Wspólnotowy Serwis Informacyjny Badan i Rozwoju - CORDIS

Method and tools for monitoring the pine processionary moth (lepidoptera: thaumetopoeidae) populations with pheromone-baited traps

A series of studies were carried out to design pheromone-based monitoring of the Pine Processionary Moth (PPM), Thaumetopoea pityocampa. In a dose - response field test the number of male captures significantly increased with the dosage of pityolure to a plateau around 10mg. The activity of pheromone dispensers lasted at least 11 weeks, enough to cover the whole flight period of T. pityocampa.

In a comparison of several saturating and non-saturating trap designs, plate sticky traps always showed the best trapping efficiency. Captures were significantly higher in regularly cleaned traps and at tree canopy height but catches of males PPM were positively correlated with those obtained at human breast height. The relationship between the numbers of males PPM captured in pheromone traps and the density of winter nests was investigated using ten traps baited with low doses of pityolure in fourteen maritime pine stands.

Mean trap captures calculated from ten to three traps were significantly correlated with nest density, indicating that four plate sticky traps baited with 0.2mg of pityolure per hectare could provide a cost effective tool for monitoring densities of PPM population. The reliability of this design was tested in a total of 33 pine stands of different age and species across three countries, France, Italy and Portugal and in the core and expansion areas of the pest. Results were remarkably consistent showing significant and positive correlations between mean male captures per day and total number of winter nests per hectare irrespective of the regions. The correlations with the level of infestation in the following generation was also positive for all regions although slightly less significant.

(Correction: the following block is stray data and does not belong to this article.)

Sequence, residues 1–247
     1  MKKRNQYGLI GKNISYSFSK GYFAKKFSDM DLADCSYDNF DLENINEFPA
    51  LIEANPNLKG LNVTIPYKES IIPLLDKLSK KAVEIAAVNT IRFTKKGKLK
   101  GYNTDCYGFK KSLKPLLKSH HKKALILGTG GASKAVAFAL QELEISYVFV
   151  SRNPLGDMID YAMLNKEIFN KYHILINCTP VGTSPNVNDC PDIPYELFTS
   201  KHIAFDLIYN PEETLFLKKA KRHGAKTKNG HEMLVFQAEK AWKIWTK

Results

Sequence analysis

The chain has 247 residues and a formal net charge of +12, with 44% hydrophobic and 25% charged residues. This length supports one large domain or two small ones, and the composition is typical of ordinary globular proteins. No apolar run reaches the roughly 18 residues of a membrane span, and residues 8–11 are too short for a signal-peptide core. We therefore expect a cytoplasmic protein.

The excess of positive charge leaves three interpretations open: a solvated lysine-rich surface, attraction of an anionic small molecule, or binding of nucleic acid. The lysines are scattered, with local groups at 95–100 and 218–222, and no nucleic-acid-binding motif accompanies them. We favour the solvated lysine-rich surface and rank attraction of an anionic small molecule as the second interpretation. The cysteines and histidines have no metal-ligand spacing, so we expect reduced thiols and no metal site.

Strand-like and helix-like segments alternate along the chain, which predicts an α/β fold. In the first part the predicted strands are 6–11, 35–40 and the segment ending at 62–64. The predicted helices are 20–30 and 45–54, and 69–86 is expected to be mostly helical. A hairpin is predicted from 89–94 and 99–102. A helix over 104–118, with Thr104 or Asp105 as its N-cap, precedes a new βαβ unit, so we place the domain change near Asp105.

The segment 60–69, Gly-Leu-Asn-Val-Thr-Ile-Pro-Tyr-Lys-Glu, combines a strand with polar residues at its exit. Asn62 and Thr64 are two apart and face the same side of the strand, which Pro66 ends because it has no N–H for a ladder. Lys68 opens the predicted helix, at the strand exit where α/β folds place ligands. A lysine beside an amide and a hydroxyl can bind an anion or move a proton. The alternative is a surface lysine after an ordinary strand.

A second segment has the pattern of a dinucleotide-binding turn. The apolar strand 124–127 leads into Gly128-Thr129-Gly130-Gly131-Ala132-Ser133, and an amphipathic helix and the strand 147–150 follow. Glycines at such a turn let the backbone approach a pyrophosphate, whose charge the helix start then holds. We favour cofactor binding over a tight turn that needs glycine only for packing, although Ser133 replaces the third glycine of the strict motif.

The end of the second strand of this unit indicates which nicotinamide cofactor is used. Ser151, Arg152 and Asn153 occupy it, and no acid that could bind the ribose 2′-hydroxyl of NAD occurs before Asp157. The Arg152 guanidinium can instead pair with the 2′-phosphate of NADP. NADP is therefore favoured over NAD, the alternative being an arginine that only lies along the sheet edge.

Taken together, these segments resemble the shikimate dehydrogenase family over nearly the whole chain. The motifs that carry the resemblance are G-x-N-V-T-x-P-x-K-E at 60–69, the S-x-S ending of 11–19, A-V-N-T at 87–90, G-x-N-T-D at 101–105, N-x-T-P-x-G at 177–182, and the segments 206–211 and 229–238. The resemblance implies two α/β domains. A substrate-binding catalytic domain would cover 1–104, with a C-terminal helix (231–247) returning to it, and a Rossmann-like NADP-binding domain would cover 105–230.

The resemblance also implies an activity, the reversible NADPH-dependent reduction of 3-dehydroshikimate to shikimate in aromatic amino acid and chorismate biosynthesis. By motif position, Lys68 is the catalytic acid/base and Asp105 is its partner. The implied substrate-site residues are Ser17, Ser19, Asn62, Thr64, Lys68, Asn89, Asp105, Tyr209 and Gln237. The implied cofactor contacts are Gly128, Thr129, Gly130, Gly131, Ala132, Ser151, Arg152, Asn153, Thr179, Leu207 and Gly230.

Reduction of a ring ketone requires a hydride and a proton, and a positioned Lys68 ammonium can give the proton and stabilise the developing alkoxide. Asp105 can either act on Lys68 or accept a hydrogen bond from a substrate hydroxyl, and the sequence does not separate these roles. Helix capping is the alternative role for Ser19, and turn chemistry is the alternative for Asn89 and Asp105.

These results suggest that pheromone-baited traps provide a suitable tool to monitor T. pityocampa populations. The method is already in use in France, in collaboration with a SME from Spain (SEDQ Barcelona) involved in the production of the baits. We plan to extend the system to the other countries interested by the moth within two years by the project end.

New jobs in national forest health services will be created by forming people involved in the monitoring and in the selection of the areas where biocontrol is carried out (see Result Btk 32524). The result is targeted to the main representative of forest IPM in each of the interested countries.

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Reported by

Laboratory of Forest Entomology and Biodiversity, UMR BIOGECO, INRA, 69 Route d'Arcachon
33612 CESTAS Cedex
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